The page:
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Shedding new light on single protein-lipid membrane interactions


   Cardiff School of Biosciences


About the Project

The interaction between proteins and lipid membranes is a fundamental process underpinning key functions in cell biology and the maintenance of life. Membrane proteins account for approximately 27% of the entire human proteome, and membrane receptors make up the largest group of drug targets in humans since they play a critical role in both infection and immunity [1]. Membranes are also the target for protein toxins produced by pathogens to attack cells from the outside and introduce perforations. Beyond their impact to human disease, toxins are of great interest in biotechnology, to control e.g. insect pests of agriculture [2]. Moreover, the challenge of antimicrobial resistance has ignited strong interest in antimicrobial peptides (AMPs) which form membrane-spanning pores as part of their bactericidal activity [3].

Despite the widespread importance of such systems, many key questions are still unanswered, including how do proteins remodel and diffuse within membranes in space and time? Where do they partition, depending on the heterogeneous lipid membrane chemical composition and curvature? How is the protein function modulated by the lipid environment at the atomic, molecular and long-range meso-scale? How is the lipid membrane local composition and curvature affected by the protein (an interplay often overlooked).

A major roadblock in achieving this understanding is the lack of suitable techniques capable of measuring single protein-lipid membrane interactions at the nanoscale with sub-millisecond time resolution, while keeping the system under observation in its intact natural state and without introducing structural-functional artefacts. Optical microscopy is a promising non-destructive and non-contact technique. However, to achieve the required sensitivity and specificity, presently it relies on tagging proteins and/or lipids, typically with fluorophores, which raises the question if the observed behaviour is real or artefactual [4].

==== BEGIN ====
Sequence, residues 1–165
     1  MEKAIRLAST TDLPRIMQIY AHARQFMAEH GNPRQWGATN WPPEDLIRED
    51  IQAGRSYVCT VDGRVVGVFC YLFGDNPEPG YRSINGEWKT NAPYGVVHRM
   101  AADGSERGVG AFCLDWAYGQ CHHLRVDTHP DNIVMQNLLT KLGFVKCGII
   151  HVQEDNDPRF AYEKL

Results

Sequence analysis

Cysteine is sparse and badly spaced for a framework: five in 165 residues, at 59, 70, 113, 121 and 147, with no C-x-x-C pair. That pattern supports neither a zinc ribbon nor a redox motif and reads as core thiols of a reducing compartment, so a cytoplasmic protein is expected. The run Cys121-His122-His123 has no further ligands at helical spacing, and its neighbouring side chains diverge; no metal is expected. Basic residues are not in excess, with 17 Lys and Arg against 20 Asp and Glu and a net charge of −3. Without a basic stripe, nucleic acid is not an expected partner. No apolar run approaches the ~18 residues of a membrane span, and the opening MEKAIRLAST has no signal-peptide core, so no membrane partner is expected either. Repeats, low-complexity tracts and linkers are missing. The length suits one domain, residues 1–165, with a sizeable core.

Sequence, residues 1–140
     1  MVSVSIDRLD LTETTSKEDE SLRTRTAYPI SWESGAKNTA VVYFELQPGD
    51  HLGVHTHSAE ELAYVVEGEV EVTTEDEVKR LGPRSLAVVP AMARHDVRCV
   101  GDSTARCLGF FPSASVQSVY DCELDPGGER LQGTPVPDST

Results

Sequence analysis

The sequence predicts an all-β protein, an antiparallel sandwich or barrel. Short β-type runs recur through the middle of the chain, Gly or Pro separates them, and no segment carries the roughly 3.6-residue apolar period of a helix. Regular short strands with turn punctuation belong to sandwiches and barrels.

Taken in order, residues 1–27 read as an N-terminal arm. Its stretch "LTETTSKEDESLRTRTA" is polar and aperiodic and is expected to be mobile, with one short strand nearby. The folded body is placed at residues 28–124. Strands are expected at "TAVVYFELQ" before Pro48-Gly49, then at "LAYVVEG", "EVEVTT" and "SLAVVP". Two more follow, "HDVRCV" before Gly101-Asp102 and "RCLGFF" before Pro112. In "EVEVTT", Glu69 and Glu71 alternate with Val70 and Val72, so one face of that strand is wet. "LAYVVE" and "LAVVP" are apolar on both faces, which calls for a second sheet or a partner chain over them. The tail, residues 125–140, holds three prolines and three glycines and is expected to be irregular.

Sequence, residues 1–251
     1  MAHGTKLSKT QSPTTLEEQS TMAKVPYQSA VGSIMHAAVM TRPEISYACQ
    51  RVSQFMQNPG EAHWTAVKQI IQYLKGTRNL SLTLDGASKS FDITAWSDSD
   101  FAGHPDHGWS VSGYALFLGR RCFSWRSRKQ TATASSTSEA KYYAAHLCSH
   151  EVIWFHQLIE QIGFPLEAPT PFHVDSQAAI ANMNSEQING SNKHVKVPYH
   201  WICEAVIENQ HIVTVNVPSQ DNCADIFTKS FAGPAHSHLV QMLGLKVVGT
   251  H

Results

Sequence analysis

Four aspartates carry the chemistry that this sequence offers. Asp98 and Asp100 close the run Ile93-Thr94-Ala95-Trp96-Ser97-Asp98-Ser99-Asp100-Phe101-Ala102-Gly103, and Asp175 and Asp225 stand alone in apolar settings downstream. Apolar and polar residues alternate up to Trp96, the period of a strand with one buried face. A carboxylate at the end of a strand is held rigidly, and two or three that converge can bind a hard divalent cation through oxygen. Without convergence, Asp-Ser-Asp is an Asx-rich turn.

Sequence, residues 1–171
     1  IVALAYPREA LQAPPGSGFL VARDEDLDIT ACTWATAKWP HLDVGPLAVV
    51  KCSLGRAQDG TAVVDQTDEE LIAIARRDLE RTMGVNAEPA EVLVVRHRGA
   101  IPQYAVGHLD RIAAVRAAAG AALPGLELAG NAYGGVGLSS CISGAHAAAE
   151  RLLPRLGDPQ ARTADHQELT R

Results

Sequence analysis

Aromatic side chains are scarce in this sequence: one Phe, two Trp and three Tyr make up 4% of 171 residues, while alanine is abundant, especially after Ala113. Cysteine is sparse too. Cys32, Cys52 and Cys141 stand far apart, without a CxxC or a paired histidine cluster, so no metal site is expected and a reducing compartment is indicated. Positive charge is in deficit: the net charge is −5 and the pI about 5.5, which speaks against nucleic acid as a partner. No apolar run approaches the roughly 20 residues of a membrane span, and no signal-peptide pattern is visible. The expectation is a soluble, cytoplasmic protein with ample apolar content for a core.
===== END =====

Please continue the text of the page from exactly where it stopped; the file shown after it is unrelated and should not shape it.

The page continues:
The aim of this project is to contribute to the development and application of novel label-free optical imaging techniques to quantify the diffusion and partitioning of single proteins in physiologically relevant lipid membranes.

Research Environment: You will be exposed to a vibrant multi-disciplinary environment at the physics/life science interface. You will join a well-funded academic team, with an outstanding track record of student supervision and publication output. The supervisory team offers a unique combination of expertise, with strong track records in developing novel optical microscopy techniques applied to bioimaging (see e.g [5,6]). You will be immersed in a collaborative environment with expertise in the biology of pore forming proteins and in the biochemistry of lipid membranes. 

Training and Development Opportunities: You will be trained in a variety of relevant techniques including optical microscopy, fabrication of synthetic lipid membranes, protein purification. You will develop the transferable skills of data analysis and modelling, communication and dissemination. The resulting skillset will boost your future employability both in academia and in industry. The supervisory team has strong links with companies, including microscope manufactures and image analysis software developers. Within this studentship, opportunities for visits/internships at these companies will arise. Global mobility opportunities will include visiting collaborating partner groups overseas, and participation to national/international conferences. The project will generate new knowledge and data that will be published in high quality journals. 

It is ideal that an applicant has an A-level in maths and physics (or equivalent).


References

[1] https://doi.org/10.1038/nrd3478
[2] https://doi.org/10.3390/toxins6123296
[3] https://doi.org/10.3389/fcimb.2016.00194
[4] http://dx.doi.org/10.1038/nphoton.2015.251
[5] http://dx.doi.org/10.1021/acs.analchem.0c03179
[6] http://dx.doi.org/10.1063/1.5027256

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